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Public Doubts Congress Can Get Jobs Policy Done Public Doubts Congress Can Get Jobs Policy Done

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Public Doubts Congress Can Get Jobs Policy Done

Most Americans think it is very important for Congress to address the nation’s job situation and reduce the federal budget deficit over the next year, but they remain pessimistic that President Obama and the legislative branch will agree on those issues, according to a new United Technologies/National Journal Congressional Connection Poll that also reveals a pervading and continuing distrust of Washington since last summer’s debt-ceiling debacle.

Although jobs and the deficit are the public’s two top priorities, the poll also shows that a clear majority would prefer that Obama and Congress agree to a plan to create more jobs, and Americans are more optimistic that the two branches will find agreement on that issue.


But overall, the poll shows little confidence in the government’s ability to make progress on the most important problems facing the country. The public has less faith in Washington than it did before last summer’s debate over raising the federal debt limit, although its confidence in government has rebounded slightly since this winter’s payroll-tax showdown.

This iteration of the United Technologies/National Journal Congressional Connection Poll was conducted by Princeton Survey Research Associates International, which surveyed 1,002 adults from April 12 to 15. The poll has a margin of error of plus or minus 3.6 percentage points.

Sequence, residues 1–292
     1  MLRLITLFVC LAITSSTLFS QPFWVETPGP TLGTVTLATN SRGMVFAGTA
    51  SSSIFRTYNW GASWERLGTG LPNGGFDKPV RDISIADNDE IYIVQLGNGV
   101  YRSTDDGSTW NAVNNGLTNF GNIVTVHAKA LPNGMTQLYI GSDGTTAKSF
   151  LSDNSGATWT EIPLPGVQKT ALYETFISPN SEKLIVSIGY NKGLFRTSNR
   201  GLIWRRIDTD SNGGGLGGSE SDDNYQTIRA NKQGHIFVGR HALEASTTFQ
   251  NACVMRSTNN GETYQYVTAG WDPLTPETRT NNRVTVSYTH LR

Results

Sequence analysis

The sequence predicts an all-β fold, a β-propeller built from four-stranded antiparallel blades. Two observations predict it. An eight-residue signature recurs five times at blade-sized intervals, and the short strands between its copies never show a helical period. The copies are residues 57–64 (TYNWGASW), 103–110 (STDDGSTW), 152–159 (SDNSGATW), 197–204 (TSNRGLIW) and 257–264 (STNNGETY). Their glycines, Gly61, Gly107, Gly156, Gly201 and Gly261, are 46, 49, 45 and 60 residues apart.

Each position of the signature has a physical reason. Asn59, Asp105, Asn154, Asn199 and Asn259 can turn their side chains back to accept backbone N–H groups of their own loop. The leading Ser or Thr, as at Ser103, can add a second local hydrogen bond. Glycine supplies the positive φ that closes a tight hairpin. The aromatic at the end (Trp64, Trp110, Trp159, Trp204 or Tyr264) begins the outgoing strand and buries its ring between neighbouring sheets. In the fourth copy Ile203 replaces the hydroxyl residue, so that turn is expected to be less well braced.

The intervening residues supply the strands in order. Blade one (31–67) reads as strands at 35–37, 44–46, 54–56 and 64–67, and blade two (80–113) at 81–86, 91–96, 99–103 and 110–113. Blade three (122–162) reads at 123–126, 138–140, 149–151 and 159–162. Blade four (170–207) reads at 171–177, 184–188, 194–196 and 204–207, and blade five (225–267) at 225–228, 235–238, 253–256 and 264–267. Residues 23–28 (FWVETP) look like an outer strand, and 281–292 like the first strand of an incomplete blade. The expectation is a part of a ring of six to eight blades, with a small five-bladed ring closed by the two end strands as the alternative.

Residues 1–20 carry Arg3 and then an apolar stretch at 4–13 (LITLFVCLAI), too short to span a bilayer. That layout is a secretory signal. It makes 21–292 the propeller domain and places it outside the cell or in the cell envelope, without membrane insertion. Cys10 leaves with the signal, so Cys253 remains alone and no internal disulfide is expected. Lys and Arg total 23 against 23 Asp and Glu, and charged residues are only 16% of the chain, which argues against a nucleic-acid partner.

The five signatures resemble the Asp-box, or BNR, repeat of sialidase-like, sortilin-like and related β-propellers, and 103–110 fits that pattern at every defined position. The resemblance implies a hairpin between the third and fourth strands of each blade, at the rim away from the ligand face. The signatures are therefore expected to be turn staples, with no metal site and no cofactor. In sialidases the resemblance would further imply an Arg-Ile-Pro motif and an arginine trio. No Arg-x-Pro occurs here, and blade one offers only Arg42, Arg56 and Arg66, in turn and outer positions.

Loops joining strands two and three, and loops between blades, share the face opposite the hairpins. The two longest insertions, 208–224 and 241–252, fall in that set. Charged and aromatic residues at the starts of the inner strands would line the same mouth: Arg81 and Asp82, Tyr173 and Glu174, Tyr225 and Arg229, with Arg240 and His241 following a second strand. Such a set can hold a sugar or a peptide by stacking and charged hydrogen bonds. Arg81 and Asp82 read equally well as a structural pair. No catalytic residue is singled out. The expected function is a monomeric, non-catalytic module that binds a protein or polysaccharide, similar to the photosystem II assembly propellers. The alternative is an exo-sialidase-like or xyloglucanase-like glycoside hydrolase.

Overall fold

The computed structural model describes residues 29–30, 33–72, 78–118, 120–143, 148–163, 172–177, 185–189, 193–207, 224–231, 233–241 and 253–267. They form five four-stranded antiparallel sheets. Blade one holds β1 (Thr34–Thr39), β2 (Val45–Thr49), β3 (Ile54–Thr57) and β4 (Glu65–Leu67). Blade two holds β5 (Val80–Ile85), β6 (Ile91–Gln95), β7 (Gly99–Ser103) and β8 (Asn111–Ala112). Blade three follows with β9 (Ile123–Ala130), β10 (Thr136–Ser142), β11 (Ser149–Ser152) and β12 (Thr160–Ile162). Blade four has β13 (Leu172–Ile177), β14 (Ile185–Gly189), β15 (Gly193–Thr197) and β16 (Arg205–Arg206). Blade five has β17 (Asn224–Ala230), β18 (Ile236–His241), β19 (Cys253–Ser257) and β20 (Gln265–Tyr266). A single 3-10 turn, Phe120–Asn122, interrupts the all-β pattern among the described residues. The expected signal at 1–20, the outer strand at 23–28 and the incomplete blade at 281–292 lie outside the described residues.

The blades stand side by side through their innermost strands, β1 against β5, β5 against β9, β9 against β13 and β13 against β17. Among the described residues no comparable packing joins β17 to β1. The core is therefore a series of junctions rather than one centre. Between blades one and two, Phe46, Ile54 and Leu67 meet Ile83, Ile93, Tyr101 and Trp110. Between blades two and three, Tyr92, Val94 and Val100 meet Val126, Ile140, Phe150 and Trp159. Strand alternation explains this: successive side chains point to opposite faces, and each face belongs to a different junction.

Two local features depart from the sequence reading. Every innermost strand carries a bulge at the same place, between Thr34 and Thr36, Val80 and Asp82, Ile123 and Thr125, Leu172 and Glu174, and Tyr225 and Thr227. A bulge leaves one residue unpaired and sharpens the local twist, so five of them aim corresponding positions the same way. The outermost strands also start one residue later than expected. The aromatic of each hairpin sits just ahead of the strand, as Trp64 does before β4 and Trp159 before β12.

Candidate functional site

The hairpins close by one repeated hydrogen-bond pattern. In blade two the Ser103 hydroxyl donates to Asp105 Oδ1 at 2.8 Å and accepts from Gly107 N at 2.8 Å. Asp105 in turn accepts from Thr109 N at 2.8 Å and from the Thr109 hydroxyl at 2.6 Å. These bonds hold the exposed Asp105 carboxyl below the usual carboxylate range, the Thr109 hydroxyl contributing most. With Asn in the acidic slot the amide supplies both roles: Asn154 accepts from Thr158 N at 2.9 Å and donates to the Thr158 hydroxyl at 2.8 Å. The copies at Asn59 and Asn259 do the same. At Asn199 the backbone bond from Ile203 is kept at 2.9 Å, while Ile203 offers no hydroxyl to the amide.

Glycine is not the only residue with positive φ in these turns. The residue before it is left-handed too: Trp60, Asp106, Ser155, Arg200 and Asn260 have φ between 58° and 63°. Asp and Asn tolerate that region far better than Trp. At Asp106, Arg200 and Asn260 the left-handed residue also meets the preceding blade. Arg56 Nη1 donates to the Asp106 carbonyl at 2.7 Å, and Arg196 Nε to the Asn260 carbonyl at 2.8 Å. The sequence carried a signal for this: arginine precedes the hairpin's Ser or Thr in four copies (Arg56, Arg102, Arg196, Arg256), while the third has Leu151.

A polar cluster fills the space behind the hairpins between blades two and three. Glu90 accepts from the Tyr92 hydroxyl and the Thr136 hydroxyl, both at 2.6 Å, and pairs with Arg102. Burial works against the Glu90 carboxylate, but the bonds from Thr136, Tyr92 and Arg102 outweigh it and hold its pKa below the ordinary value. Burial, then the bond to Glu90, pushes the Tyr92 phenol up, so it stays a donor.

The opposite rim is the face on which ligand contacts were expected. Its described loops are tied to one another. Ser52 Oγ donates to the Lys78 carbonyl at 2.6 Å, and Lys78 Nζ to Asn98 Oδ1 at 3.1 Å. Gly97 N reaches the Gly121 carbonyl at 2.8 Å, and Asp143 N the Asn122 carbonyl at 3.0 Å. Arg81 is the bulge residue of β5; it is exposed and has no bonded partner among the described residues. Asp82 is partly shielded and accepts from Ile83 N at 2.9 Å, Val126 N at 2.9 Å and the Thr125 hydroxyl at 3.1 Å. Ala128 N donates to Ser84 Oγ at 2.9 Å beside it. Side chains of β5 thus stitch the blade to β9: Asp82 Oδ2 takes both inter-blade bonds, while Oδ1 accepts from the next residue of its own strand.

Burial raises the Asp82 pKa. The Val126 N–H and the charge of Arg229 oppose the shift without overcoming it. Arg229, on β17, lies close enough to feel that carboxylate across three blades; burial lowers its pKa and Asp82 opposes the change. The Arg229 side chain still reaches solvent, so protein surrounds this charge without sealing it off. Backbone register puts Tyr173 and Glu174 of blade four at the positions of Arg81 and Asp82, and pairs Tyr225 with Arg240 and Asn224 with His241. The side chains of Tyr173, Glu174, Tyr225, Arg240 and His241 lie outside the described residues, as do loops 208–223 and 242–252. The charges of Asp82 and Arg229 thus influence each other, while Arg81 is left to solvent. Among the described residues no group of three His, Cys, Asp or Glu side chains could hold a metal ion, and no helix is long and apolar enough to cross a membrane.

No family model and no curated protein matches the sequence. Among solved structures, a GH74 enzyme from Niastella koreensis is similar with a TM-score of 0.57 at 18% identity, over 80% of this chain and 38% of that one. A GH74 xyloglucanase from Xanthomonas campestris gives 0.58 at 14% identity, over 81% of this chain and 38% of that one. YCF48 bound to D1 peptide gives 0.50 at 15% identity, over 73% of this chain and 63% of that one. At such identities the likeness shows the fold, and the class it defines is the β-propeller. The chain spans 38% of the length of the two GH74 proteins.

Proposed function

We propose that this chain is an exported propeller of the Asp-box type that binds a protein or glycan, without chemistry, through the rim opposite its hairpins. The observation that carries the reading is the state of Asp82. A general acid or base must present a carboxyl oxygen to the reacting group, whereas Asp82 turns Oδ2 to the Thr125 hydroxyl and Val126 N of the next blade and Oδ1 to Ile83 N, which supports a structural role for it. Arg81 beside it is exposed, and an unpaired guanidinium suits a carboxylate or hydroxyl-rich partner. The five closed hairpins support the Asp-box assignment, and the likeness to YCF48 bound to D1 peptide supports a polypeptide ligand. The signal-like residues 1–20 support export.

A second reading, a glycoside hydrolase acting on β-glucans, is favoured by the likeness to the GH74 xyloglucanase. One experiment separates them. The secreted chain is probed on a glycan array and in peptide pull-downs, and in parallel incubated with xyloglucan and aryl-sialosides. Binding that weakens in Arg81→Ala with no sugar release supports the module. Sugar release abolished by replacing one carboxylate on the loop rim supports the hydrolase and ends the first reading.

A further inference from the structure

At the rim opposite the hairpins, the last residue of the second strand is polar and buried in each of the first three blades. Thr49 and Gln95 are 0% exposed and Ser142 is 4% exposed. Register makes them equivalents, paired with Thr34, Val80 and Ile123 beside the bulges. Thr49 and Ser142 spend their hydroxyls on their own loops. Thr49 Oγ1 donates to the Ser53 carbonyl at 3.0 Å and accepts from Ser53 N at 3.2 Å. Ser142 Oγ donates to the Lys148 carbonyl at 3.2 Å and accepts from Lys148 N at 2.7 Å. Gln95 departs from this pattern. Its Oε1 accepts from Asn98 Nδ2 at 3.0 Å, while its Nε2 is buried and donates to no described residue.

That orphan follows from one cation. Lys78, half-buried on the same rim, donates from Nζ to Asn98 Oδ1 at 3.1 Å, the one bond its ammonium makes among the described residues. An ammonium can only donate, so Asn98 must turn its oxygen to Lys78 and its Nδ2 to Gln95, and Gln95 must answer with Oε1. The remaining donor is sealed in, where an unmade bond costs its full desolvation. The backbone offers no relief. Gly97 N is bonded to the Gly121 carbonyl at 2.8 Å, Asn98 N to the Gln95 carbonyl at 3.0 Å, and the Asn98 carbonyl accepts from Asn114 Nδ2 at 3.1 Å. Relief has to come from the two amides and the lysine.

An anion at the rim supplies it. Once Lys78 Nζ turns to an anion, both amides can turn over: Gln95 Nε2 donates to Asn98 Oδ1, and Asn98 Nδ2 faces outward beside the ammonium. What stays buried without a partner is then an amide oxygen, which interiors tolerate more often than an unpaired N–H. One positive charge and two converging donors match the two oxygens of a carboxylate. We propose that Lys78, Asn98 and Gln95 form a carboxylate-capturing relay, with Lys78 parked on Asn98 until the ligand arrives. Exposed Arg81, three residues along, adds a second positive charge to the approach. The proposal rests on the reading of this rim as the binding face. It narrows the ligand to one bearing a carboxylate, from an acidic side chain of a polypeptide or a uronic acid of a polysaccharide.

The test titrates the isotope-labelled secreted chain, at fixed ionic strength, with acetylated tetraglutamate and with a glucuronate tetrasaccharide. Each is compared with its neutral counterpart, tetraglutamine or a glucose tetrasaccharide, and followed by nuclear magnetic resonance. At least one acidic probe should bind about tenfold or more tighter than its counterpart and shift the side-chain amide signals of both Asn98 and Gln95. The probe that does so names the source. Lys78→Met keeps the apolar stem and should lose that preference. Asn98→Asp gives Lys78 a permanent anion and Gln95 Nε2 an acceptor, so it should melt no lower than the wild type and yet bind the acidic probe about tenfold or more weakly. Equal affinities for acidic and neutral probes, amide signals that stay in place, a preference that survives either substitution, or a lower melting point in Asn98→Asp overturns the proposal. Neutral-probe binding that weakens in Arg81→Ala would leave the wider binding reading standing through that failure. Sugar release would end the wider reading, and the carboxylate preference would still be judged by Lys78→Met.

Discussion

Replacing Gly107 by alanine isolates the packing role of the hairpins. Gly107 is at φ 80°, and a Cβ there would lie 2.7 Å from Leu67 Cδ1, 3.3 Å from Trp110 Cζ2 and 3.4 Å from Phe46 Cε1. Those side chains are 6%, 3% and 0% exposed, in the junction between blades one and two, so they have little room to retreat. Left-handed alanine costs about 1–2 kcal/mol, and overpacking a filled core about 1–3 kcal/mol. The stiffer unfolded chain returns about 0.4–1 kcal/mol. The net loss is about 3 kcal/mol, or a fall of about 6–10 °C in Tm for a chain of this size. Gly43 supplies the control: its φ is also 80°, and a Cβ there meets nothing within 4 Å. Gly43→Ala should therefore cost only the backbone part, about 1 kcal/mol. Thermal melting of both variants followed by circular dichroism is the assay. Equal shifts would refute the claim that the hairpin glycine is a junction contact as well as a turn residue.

The poll is the latest in a series of national surveys that track the public’s priorities for Congress—and its assessment of Washington’s performance—during most weeks that Congress is in session this year.


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Seventy-nine percent of respondents said that it was “very important” for Congress to address the job situation over the next year, the highest-scoring issue among the five tested. The focus on jobs crosses partisan lines, with 82 percent of Democrats, 79 percent of Republicans, and 76 percent of independents ranking the job situation as “very important.”

Respondents were slightly more divided over the importance of reducing the federal deficit. Overall, 73 percent said it was “very important,” but Republicans (85 percent) were significantly more likely than Democrats (65 percent) to rank this issue highly.


Asked to choose between jobs and the deficit, 64 percent said they would most like to see Obama and Congress agree on a plan to create more jobs, while only 31 percent would prefer a plan to reduce the deficit. Majorities of Democrats (78 percent) and independents (60 percent) chose job creation, while Republicans were split evenly: 50 percent for a job-creation plan and 47 percent for debt reduction.

Among the other three issues tested, addressing the country’s energy needs scored highest, with 64 percent—including equal percentages of Democrats, Republicans, and independents—saying it is “very important.”